March 18, 2023

How to Get Your Life Back: Establish Nonprofit Board Office Hours

You’re about to sit down to dinner when you get a text from a board member.

You’re in a meaningful conversation with your best friend, making headway on a problematic issue, and your phone rings. It’s a board member.

You’re in the yard, up to your armpits in weeds and mud, and your phone vibrates. You know, by the timing, it’s a board member.

It’s maddening. You want board engagement and a personal life. Why do your nonprofit board members call in the evenings and on weekends? And what can you do about it so you start your conversations ready to engage instead of being resentful?

Take a moment to step into their lives. Most board members have demanding jobs and focus on volunteer activities during non-working hours. Weekends and evenings are when you both tend to life’s essentials, spend time with family, and allow your minds to recharge. For board members, it is when they follow up on their volunteer work. Because they schedule their volunteer work during your downtime, it’s crucial for your well-being to set healthy professional boundaries. If board members regularly reach out to you 24-7 for non-emergencies, it’s a sign to establish more explicit boundaries.

Yes, the board is your boss, and you want to be available, but not at the cost of your life balance. Your downtime improves your health and the well-being of your organization. In turn, your board’s downtime refreshes their lives, too.

The Office Hours Concept

Establish “office hours” early in your leadership role. Reinforce and inform others about these hours as needed. During board member orientations, explain that you have designated times for connecting with members outside of meetings. List your specific hours and ask for their preferred times among these. Remind them they can always leave a message or send an email or text, and you’ll return the call during their preferred times unless it’s an emergency.

Many board members are familiar with the concept of office hours from college. To get your board to use them, “tell ’em early and tell ’em often.”

How to Implement Nonprofit Board Office Hours

To start, establish three two-hour blocks of time. Depending on your schedule, you might select:

  • Sunday 7-9 pm
  • Tuesday mornings 7:30-9:30 am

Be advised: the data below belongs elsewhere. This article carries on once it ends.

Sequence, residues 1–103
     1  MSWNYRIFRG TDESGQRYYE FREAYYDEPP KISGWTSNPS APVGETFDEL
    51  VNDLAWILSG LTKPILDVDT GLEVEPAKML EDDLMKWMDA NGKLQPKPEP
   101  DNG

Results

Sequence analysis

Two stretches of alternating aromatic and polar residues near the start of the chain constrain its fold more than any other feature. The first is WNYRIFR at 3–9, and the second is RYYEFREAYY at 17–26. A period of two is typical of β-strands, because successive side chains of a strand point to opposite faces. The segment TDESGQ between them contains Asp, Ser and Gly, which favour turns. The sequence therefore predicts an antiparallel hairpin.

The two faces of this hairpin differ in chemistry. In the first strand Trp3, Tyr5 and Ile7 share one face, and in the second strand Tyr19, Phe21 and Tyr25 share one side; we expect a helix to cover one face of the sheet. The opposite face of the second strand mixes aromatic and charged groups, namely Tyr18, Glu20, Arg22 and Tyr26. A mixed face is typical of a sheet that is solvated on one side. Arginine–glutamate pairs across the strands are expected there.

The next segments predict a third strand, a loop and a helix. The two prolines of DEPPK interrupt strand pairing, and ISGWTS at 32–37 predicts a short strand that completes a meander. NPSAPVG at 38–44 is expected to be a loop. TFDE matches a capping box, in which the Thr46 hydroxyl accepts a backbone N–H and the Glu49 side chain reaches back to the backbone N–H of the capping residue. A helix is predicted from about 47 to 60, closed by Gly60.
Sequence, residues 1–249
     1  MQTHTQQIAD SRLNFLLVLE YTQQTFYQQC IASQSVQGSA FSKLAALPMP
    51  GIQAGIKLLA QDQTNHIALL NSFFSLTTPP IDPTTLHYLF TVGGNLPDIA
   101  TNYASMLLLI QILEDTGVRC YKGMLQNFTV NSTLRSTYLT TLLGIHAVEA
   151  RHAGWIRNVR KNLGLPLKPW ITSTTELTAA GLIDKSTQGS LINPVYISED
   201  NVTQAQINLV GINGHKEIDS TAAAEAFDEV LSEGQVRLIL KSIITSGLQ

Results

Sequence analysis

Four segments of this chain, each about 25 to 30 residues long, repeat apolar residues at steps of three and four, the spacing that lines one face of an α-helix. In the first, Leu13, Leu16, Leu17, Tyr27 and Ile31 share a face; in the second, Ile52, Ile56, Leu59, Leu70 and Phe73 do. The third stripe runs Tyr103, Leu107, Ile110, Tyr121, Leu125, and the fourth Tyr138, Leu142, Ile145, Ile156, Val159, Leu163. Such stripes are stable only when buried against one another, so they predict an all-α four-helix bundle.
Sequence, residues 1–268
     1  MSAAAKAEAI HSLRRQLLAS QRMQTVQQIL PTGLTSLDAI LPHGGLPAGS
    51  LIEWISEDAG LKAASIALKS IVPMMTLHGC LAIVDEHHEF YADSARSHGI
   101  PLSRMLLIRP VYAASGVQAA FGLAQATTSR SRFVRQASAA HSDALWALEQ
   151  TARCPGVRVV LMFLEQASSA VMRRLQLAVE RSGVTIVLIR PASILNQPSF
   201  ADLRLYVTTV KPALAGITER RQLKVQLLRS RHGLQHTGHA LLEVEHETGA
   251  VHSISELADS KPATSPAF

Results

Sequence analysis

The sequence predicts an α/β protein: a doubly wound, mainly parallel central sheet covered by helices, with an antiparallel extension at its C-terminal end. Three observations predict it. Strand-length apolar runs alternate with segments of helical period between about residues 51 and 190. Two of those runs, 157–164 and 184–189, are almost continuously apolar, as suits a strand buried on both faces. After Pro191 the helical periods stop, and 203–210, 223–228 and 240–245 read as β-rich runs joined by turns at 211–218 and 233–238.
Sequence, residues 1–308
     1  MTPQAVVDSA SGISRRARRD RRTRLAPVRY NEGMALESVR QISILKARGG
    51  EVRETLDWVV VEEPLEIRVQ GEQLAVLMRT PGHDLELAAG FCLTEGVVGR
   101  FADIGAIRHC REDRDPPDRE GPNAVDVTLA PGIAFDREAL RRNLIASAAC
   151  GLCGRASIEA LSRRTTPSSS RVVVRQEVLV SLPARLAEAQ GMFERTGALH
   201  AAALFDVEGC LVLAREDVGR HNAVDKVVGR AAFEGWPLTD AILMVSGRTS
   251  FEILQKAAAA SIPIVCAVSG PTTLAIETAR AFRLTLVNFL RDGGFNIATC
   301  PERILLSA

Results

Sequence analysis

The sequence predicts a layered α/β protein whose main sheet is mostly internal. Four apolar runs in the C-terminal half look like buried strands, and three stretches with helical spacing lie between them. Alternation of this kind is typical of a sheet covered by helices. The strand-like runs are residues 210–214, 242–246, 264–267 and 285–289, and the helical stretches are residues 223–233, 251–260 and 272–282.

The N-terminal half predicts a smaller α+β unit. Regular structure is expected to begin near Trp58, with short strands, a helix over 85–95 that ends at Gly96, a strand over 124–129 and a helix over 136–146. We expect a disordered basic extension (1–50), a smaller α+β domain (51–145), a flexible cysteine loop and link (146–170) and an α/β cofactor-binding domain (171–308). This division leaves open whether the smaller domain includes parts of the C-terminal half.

• Thursday 4-6  pm

This schedule serves weekend warriors, early birds, and folks who like to clean their desks before the weekend.

Reserve your board office hours to meet, return messages, and do board-related tasks. Respond to emails, calls, and texts during those hours. Plan the next board meeting and so forth. Batch your responses to emails, calls, and texts during those times. Consistently offer call-back times during those time frames.

Think of it as establishing a path in the woods: use the trail often, and you’ll create a new, well-worn habit.

Long-Term Impacts

Establishing office hours doesn’t mean you’ll never have a conversation during the evening or on weekends. It just means those conversations will be rare.

What’s the value of board office hours? Better interactions and better time management. After all, time, not money, is the resource in the shortest supply at successful nonprofits. By managing it well, you enhance everyone’s effectiveness and well-being. Besides, it’s a professional approach.

For more tips, check out the Nonprofit CEO Library. And for solutions delivered directly to your inbox, sign up for Karen’s CEO Solutions.



Karen Eber Davis

Karen Eber Davis provides customized advising and coaching around nonprofit strategy and board development. People leaders hire her to bring clarity to sticky situations, break through barriers that seem insurmountable, and align people for better futures. She is the author of 7 Nonprofit Income Streams and Let's Raise Nonprofit Millions Together.


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